Mental Health || Do you really know about mental health

Mental Health

“No visible symptoms, no runny nose…Just a head full of darkness… No fever or rash, no fractures or sprains, just a longing for something unable to explain.”

What is mental health ?

Mental health refers to cognitive, behavioural and emotional well-being. In simple words we can say it’s all about how people think, feel and behave. Mental health can affect daily living, relationships, and physical health. Dozens of mental illnesses have been identified and defined. They include depression, generalised anxiety disorder, bipolar disorder, obsessive_ compulsive disorder, post_ traumatic stress disorder, schizophrenia and many more. It affects young and old, male and female, and individuals of every race, ethnic background, education level and income level.

According to WHO 

“A mental health is a state of being in which an individual realises his or her own abilities, can cope with the normal stresses of life, can work productively, and is able to make a contribution to his or her community.”

Common mental health disorders:

As we have discussed above everyone has some risk of developing a mental health disorder, no matter their age, sex, income or ethnicity. So some common mental health disorders are_

Depression:

Depression refers to a wide range of mental health problems characterised by the absence of positive affect, a loss of interest and enjoyment in ordinary things and experiences, low mood and a range of associated emotional, cognitive, physical and behavioural symptoms. Depression is like the absence of being able to envisage that you will be cheerful again. The absence of hope, that very dead-end.

Generalised Anxiety Disorder (GAD):

The main cause of GAD is excessive anxiety and worry (apprehensive expectation). The person with GAD finds it difficult to control the anxiety and worry, which is often accompanied by restlessness, being easily fatigued, having difficulty concentrating, irritability, muscle tension, and disturbed sleep.

Panic disorder:

People with panic disorder report intermittent apprehension, and Panic attacks in relation to particular situations or spontaneous panic attacks with apparent cause.

Obsessive compulsive disorder:

OCD is characterized by the presence of obsession and compulsion. An obsession is defined as an unwanted intrusive thought, image or urge that repeatedly enters the person’s mind. Compulsion are repetitive behaviours or mental acts that the person feels driven to perform.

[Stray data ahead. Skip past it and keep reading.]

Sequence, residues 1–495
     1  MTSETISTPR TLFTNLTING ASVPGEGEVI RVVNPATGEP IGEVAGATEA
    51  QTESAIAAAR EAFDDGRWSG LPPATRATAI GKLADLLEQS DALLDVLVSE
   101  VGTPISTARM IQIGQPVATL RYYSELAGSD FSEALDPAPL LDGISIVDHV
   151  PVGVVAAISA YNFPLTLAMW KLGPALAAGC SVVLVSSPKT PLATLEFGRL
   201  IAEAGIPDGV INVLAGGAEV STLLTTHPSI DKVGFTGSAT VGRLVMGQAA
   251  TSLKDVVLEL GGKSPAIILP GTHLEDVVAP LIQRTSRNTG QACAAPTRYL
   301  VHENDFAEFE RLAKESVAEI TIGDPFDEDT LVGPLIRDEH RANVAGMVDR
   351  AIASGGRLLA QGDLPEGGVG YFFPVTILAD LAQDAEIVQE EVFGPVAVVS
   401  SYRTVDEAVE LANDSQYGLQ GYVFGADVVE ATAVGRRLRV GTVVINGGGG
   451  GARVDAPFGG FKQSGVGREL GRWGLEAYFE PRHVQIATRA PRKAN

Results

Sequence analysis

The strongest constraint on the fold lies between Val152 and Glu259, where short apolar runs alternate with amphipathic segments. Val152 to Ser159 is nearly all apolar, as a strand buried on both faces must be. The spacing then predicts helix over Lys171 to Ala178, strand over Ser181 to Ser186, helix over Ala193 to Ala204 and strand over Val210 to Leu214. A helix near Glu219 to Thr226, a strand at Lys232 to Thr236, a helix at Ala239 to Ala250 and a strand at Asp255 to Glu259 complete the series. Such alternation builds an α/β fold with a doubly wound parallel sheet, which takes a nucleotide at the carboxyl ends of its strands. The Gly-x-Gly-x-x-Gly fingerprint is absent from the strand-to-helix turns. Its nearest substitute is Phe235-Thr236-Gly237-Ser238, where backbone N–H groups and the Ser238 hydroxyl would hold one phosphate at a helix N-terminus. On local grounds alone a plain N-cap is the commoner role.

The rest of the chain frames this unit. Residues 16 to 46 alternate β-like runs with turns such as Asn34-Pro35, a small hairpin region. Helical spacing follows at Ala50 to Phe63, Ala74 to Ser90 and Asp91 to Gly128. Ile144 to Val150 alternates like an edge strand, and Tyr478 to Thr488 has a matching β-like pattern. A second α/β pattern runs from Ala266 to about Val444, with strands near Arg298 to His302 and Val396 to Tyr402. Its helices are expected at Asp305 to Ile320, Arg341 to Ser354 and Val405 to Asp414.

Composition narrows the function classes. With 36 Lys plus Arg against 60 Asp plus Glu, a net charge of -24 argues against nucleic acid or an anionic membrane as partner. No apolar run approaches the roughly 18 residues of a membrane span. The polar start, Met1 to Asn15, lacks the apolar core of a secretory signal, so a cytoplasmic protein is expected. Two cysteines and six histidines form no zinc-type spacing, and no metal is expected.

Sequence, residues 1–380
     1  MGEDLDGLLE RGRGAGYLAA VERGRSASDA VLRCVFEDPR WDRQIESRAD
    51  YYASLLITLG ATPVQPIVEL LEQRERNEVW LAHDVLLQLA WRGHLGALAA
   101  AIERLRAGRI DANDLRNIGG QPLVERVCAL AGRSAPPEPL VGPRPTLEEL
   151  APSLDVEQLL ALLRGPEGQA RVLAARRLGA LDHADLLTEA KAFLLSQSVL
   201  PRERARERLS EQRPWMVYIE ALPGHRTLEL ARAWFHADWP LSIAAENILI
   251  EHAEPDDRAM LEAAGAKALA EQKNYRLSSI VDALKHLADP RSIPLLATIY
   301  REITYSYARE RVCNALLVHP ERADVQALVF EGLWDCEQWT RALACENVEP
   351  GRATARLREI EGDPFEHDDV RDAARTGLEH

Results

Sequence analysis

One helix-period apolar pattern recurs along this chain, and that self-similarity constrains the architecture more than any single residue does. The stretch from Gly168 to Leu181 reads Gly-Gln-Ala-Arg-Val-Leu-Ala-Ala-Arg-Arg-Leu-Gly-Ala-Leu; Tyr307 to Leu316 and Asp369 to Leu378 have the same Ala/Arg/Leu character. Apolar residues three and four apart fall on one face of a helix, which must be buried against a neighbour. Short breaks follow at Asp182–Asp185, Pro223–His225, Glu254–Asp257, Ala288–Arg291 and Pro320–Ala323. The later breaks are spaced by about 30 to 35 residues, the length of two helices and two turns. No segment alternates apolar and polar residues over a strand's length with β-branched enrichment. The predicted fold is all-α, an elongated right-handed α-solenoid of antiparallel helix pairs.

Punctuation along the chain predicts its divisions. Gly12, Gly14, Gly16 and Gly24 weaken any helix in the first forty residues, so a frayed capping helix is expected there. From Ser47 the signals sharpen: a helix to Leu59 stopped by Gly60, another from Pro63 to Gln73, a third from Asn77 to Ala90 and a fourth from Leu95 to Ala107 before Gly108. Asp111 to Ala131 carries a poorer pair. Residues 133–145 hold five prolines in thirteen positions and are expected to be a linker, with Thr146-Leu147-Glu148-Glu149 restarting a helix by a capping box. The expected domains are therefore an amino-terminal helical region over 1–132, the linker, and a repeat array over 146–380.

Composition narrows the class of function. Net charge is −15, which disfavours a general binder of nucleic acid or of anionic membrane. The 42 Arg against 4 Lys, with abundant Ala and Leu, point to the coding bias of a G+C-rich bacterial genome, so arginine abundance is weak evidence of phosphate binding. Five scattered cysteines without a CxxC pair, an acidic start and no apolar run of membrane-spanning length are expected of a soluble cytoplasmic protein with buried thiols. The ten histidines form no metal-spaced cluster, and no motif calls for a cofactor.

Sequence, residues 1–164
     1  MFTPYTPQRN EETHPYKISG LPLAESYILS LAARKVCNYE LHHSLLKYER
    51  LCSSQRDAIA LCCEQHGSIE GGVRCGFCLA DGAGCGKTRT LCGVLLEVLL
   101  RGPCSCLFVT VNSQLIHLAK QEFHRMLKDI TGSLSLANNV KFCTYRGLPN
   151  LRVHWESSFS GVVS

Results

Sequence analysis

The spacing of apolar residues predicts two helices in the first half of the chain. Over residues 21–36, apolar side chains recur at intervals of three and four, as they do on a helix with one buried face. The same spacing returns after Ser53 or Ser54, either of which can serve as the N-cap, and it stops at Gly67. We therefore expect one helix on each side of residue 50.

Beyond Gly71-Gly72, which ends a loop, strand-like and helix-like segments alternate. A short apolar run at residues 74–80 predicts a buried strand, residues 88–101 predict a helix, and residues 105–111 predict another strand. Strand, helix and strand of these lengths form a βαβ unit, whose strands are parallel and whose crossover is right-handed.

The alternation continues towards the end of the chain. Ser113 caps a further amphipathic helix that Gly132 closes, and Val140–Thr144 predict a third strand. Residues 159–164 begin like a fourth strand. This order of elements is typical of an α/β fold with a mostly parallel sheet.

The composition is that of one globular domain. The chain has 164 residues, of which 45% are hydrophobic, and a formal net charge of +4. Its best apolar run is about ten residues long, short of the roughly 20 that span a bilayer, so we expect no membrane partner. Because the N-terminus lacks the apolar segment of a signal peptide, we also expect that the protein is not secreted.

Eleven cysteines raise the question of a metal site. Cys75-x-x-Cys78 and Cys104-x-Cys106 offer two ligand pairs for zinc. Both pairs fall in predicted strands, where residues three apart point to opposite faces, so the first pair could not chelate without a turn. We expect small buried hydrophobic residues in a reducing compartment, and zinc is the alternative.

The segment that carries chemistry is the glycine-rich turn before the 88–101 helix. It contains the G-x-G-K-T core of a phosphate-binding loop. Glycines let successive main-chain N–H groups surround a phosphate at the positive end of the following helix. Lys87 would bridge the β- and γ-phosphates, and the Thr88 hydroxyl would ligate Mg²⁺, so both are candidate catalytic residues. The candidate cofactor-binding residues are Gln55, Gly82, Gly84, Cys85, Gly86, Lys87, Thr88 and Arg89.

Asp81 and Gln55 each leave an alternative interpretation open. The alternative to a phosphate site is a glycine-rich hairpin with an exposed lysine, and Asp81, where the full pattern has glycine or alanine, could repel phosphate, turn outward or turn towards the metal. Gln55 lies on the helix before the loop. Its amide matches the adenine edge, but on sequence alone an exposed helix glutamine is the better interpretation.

Post traumatic stress disorder:

PTSD can occur after a person experiences or witnesses a deeply stressful or traumatic event. They may feel afraid or that they have no control over what is happening.

Early symptoms:

There is no accurate Physical test or scan that reliably indicates whether a person has developed mental illness. However there are some common symptoms that can help to find out whether the person is suffering from some mental health issues. 

So a close observation of the person in his day to day life would help in this process. If a person is mentally disturbed or ill then one can see some changes in his daily life. Such as he may start withdrawing himself from friends, family and colleagues. He may start avoiding the activities that he would normally enjoy. Sleeping and eating will definitely be affected, either it will be too much or too little. A feeling of loneliness slowly arouses in his mind. He will always feel low, confused and show negative emotions. Then he may start using mood- altering substances, including alcohol and nicotine more frequently. And most importantly he can think of causing physical harm to himself or others.

Treatment:

There are various methods of managing mental health problems. Psychotherapy is one of the most successful treatments among all. With the help of psychiatrists, psychologists, psychotherapists, they help to understand the root of their mental illness and start to work on more healthful thought patterns that support everyday lives and reduce the risk of isolation and self harm. Medication is another way to help the person. It makes him feel good, calm and relaxed. 

Another important treatment is “self-help” . The person needs to take his own time away from those issues that bother him continuously or by sharing his problems with friends, family or any one with whom that person feels close and secured can help him to reduce stress level.

National Mental Health Program:

Keeping in view the heavy burden of mental illness in the community the government of India launched the National Mental Health Program in 1982. Three main components of NMHP are:

1. Treatment of mentally ill

2. Rehabilitation 

3. Prevention and promotion of positive mental health

The Mental Health Care Act:

The Mental Health Care Act 2017 was passed on 7th April, 2017 and came into force from 7th July, 2018.

The law is described as

“An act to provide for mental health care and service for a person with mental illness and to protect, promote and fulfill the rights of such person during delivery of mental health care and services for matters connected therewith.”

World Mental Health Day:

Every year 10th October is celebrated as World Mental Health Day. The objective of World Mental Health Day is to raise awareness of mental health issues around the world and to mobilize efforts in support of mental health.

“There is hope….Even when your brain tells you there isn’t…”

     ~John Green